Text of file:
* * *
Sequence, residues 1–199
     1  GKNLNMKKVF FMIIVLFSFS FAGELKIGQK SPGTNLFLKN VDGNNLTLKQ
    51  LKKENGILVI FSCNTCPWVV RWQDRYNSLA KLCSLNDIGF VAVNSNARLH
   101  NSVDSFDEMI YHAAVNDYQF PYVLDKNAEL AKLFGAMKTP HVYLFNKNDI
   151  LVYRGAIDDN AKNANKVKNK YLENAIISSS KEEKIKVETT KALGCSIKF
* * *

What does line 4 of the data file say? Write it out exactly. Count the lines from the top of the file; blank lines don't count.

   101  NSVDSFDEMI YHAAVNDYQF PYVLDKNAEL AKLFGAMKTP HVYLFNKNDI